Changing lives, one interaction at a time

Elizabeth Dawson is just one person, and yet, she has changed the lives of thousands of people.

Elizabeth Dawson, senior in the School of Nursing

A student in the Bachelor of Science in Nursing program at the University of Washington Bothell, she also works as a full-time nurse at the Swedish First Hill Campus, volunteers as a court-appointed child advocate for the King County court system, and serves on the health and education board of Robin’s Nest Children’s Center.

On top of all that, she is preparing for her wedding in Mexico at the end of the year.

“It has been the most exhausting year,” Dawson said. “I go to work, come home, sleep for an hour, go to school and head back to work. I graduate at the end of the quarter and joke that I will be terribly bored next year with all the extra time on my hands.”

Lasting legacy

Dawson comes from a long line of health care workers; her mother was a nurse, as was her grandmother and great-grandmother. She fought against the idea of becoming a nurse herself, wanting to forge her own path instead.

Hard as she tried, though, the direction of her life became clear at age 18 while on a trip in South Korea. She was there to spread her grandfather’s ashes at the on-site hospital cemetery, a place he had served as a medical missionary.

While that trip marked the end of one life, it sparked the beginning of another.

It was there Dawson met a man who lived in a small community of lepers and who had not interacted with anyone outside of that community in 60 years. “The stigma this man had fought against his whole life deeply affected him. When I went to shake his hand, he refused and looked down,” she said. “It was in that moment that I decided I would dedicate my life to nursing and that my mission would be to treat every patient with dignity and respect.”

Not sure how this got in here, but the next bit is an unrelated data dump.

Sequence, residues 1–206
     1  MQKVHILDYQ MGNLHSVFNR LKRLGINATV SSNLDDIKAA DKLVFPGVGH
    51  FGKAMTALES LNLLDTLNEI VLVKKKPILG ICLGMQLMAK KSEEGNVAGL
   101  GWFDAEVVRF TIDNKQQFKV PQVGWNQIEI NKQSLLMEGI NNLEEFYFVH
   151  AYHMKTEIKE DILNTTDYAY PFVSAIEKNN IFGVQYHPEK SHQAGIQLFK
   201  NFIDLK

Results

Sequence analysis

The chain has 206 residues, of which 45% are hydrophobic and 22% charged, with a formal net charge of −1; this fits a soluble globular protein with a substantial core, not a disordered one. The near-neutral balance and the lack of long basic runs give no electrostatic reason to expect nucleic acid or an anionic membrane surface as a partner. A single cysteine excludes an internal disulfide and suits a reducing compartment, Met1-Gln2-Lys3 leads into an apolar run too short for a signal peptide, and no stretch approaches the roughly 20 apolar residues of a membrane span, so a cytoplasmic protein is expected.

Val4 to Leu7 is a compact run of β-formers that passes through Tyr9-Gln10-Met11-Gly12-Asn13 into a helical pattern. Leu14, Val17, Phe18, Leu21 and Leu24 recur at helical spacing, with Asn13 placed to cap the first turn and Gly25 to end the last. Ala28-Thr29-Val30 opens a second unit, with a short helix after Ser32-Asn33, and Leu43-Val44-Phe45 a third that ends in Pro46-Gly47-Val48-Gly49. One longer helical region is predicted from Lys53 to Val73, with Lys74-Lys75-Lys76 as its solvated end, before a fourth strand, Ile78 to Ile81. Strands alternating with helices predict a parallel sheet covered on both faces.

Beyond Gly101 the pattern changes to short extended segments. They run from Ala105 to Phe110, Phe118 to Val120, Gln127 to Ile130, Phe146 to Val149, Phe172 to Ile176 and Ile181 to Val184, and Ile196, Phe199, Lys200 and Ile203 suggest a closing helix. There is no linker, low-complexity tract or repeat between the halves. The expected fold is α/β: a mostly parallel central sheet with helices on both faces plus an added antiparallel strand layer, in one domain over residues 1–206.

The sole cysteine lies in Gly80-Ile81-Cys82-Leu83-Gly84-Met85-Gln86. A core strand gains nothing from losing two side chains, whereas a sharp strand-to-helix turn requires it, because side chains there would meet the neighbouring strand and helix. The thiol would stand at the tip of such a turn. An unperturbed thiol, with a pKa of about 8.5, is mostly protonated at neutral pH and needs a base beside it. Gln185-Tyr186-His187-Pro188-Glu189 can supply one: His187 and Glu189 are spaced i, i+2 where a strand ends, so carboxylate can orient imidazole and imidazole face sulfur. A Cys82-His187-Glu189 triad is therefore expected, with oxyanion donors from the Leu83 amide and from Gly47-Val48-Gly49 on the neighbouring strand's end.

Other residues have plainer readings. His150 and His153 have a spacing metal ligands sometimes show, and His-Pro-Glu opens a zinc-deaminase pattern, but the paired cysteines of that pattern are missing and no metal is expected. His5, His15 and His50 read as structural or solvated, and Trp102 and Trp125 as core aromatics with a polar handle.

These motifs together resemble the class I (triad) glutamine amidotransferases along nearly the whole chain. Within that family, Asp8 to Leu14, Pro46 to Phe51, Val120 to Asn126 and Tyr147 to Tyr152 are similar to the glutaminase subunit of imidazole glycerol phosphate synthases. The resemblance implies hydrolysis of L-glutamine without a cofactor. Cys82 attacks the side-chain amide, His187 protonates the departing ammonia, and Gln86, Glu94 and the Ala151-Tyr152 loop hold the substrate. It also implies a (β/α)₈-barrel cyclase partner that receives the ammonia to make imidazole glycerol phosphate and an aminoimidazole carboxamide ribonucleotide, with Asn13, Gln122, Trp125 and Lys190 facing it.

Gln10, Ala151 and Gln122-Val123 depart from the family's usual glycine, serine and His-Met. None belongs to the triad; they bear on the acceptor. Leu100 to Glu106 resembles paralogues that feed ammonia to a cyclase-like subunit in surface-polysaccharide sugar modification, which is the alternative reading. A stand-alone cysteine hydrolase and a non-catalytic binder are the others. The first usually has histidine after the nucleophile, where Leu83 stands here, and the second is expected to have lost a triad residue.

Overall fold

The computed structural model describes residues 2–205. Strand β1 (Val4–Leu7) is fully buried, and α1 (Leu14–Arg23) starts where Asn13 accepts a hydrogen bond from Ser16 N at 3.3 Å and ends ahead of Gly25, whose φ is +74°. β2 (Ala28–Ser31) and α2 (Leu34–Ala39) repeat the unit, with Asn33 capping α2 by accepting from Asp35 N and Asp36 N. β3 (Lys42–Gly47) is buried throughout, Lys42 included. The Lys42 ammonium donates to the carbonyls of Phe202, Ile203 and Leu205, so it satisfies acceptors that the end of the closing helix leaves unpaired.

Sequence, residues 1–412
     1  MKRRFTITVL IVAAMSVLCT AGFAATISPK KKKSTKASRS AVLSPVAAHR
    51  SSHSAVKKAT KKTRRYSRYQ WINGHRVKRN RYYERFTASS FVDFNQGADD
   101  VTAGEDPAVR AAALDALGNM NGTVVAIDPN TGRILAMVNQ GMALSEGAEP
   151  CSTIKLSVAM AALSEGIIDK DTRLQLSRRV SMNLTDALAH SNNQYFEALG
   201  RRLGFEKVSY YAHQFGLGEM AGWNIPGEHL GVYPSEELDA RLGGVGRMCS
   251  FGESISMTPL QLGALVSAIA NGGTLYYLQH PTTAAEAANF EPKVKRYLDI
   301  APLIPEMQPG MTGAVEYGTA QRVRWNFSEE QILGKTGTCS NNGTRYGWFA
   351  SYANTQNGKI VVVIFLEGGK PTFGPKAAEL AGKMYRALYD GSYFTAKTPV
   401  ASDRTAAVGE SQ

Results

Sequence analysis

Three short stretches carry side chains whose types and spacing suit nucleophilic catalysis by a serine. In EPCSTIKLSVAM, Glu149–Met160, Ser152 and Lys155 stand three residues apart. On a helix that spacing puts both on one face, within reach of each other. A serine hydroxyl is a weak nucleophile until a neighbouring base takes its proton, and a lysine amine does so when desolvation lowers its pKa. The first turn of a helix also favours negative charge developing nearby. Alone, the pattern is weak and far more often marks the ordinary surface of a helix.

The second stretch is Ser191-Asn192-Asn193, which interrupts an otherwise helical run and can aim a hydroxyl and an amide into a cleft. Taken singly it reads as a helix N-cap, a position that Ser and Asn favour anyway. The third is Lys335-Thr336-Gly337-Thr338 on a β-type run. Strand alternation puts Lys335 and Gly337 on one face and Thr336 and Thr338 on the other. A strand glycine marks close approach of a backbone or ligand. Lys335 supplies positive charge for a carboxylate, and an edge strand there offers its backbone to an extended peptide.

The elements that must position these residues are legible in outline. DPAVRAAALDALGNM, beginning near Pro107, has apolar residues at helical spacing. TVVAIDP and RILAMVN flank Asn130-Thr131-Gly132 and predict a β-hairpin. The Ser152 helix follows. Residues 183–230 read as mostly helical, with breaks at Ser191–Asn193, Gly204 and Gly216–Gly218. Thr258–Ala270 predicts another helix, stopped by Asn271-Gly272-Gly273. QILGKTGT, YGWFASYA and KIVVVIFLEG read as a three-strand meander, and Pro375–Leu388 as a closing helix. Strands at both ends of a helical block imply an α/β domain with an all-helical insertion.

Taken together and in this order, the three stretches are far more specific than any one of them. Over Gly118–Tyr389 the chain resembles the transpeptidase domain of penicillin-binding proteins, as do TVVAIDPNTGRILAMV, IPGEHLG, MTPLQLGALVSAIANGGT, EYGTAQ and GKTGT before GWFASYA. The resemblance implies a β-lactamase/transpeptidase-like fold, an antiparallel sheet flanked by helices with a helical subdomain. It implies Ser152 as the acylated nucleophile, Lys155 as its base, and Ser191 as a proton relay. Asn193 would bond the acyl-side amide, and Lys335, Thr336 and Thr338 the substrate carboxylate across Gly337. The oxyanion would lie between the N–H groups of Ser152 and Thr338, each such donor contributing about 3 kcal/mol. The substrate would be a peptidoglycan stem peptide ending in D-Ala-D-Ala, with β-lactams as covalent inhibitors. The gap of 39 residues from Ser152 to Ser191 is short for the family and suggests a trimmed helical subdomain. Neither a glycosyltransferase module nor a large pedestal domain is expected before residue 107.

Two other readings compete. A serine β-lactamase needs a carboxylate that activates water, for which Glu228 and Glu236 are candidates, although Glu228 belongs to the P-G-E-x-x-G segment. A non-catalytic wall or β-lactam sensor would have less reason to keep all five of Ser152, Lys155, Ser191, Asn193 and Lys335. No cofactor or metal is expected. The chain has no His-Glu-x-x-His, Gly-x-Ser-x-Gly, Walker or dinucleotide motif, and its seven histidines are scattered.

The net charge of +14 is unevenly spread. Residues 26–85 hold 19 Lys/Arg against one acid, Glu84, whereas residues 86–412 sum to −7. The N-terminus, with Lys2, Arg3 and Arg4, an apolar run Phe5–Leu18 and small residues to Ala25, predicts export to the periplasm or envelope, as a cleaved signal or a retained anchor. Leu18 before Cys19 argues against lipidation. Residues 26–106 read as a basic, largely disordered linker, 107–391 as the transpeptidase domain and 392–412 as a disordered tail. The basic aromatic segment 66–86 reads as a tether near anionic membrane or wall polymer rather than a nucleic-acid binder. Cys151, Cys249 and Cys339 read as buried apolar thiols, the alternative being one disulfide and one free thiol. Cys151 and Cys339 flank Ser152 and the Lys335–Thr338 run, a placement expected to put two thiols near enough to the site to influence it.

Since making that commitment, Dawson has had many proud moments as a nurse. Working in the surgical unit at Swedish, most of the patients she cares for have cancer and are awaiting major operations. Due to COVID-19, she says patients are only allowed one visitor and only between the hours of 5 a.m. and 9 p.m.

“I sit with them when they are alone and most scared. It’s in those late-night hours when they are by themselves, thinking about their diagnosis or anxious about a surgery, that I get to be there to hold their hand and comfort them,” she said. “That is my why — it’s what keeps me going.”

Compassionate, not complacent

Attending UW Bothell has helped Dawson uphold her mission of creating equity among patients. She explained that growing up in the Midwest, she had never been exposed to the level of poverty that exists in Seattle.

“The two disparities I have found to be most troubling as a nurse are racial and class inequity,” she said. “We largely serve the homeless and people of color. It is abundantly clear that much of our patient population is not privy to the same resources to which I, a white woman, am accustomed.”